The Dying Body Chronicles 16: YOURS ETERNALLY
The eternal movement, the moon, the silver in the puddles, intermingle like faceless shadows dancing in the barely lit arena of my mind. It is a disordered place, where anything can be dangerous. Where words birthed can be no less carnal or primal than the body that does the deed. You should know that words are crude objects even in the most eloquent tongue, as long as the mind is delinquent enough.
In the mire of all that above, i rise to the occasion, i rub the faded flowers on my lapel with my thumb, feed the bird perched on the broken window swinging in the evening breeze, light my pipe & listen to the news on the old radio sharing the shelf with old books that trap dust & cobwebs for the cleaning lady every weekend. Someone must be about their business while i sit here, marinated, wrinkled, aging well. I guess any lie i tell now will be acceptable. I have age as my defence. I cannot lie.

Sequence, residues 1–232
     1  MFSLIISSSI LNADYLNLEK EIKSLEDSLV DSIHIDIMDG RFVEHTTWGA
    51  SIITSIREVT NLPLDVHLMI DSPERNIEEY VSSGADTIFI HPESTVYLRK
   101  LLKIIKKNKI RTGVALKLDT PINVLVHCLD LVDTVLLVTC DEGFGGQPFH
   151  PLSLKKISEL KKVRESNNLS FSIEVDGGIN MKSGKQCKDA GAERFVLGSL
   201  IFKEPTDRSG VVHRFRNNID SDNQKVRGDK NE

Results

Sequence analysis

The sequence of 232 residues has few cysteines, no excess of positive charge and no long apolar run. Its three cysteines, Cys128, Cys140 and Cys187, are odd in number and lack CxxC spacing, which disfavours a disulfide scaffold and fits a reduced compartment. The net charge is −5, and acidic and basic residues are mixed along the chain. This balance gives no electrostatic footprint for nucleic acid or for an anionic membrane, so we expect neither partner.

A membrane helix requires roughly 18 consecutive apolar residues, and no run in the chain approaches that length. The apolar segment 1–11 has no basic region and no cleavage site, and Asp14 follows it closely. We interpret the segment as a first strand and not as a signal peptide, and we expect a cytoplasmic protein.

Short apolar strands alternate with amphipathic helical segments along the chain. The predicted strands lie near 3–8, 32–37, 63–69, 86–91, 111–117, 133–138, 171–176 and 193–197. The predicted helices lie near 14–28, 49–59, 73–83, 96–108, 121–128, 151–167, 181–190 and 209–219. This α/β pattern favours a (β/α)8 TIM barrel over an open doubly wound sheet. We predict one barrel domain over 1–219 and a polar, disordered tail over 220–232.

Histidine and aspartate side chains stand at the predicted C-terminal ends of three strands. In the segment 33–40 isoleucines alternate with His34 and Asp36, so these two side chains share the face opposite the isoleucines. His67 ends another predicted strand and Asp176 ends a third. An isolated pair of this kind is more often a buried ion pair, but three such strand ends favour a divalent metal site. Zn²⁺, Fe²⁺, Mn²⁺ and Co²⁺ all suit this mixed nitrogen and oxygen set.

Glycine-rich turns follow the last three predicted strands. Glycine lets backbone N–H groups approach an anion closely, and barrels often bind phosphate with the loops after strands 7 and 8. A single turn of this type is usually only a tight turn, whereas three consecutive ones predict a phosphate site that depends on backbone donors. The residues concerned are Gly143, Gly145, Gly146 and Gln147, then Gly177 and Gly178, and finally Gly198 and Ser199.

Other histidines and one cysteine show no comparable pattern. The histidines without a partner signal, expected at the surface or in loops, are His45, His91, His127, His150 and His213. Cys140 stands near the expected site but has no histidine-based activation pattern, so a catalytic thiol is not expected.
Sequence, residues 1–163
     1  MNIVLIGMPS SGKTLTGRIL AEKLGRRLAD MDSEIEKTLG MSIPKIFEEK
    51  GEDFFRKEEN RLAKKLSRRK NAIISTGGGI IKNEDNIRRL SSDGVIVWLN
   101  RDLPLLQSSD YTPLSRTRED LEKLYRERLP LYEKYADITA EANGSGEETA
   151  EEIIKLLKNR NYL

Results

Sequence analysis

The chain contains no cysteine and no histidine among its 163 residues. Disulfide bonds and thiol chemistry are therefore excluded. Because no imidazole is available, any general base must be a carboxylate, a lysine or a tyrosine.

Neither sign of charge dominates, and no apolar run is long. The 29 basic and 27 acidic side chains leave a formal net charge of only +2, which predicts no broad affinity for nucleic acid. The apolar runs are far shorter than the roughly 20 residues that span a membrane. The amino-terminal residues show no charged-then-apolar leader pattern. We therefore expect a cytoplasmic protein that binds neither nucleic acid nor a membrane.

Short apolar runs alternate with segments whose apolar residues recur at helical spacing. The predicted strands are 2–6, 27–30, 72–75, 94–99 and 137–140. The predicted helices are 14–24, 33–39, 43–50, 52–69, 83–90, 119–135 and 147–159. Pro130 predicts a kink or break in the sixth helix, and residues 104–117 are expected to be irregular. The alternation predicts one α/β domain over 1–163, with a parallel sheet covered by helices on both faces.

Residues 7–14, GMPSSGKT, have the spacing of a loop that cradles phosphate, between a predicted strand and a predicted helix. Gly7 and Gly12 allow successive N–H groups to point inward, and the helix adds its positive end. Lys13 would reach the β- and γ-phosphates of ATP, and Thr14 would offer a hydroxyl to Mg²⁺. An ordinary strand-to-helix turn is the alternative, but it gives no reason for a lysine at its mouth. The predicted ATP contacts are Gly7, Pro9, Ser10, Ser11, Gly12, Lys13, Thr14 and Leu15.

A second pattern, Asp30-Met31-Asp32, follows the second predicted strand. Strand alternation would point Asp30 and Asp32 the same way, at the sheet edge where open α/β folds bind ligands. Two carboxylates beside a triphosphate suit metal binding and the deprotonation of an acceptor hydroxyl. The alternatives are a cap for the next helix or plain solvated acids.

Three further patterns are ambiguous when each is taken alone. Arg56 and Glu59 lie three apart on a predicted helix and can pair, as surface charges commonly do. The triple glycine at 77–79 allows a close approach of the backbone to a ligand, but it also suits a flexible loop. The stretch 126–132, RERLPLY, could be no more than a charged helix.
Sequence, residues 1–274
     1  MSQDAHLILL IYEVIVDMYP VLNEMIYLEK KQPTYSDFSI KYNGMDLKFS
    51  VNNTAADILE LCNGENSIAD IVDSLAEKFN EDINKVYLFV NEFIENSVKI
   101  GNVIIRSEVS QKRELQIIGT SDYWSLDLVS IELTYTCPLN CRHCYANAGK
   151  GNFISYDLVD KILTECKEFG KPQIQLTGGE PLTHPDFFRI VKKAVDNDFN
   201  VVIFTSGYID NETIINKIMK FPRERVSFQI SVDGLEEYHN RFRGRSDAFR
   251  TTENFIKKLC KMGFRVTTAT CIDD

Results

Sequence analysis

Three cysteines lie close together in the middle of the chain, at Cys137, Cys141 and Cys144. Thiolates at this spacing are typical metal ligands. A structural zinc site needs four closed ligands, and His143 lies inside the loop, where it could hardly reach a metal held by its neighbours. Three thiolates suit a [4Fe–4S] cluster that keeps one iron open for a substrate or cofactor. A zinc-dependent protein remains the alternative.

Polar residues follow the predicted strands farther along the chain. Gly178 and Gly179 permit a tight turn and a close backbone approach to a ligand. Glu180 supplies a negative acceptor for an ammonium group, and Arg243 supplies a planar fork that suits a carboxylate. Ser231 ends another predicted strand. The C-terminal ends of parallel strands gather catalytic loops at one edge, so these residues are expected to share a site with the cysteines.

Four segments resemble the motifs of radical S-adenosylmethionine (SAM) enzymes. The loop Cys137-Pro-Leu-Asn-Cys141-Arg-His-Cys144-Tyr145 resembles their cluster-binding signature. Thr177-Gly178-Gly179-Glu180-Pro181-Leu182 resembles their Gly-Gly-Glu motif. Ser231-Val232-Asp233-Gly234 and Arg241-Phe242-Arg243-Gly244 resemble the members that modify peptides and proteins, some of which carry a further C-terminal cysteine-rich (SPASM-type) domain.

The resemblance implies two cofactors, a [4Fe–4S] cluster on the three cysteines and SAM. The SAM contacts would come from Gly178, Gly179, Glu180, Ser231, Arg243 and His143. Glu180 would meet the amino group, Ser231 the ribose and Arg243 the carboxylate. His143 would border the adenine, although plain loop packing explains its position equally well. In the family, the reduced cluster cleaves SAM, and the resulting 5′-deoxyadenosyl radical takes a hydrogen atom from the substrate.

The rains have left the earth parched, her throat stretched into the wind, her tongue lapping the dust in gasps. She must be fed with something & if there’s no water then there’s blood. When has the earth ever rejected blood or meat? When has she declared herself sated & pushed the tray of our traumas from her face? The cattle herders were the first to raise the cry. Someone had been coming to milk the cows at night. That was bad but understandable. Now someone was coming to drain the blood from the cows as well. The cows were dying & the herders didn’t know what to do. I was wringing my boxer shorts over the wash basin when the first screams reached my hearing.
The herders accused the farmers for stealing their cows, milk & blood. The farmers claimed that the cows had drank the little water left in the stream that fed the whole community. I was pressing my trouser when the sound of gun fire reached me. It was not the ordinary dane guns favoured by the hunters. It sounded like machine guns, something only a policeman or a soldier on duty would have. It was terrible the sound that frittered through my space.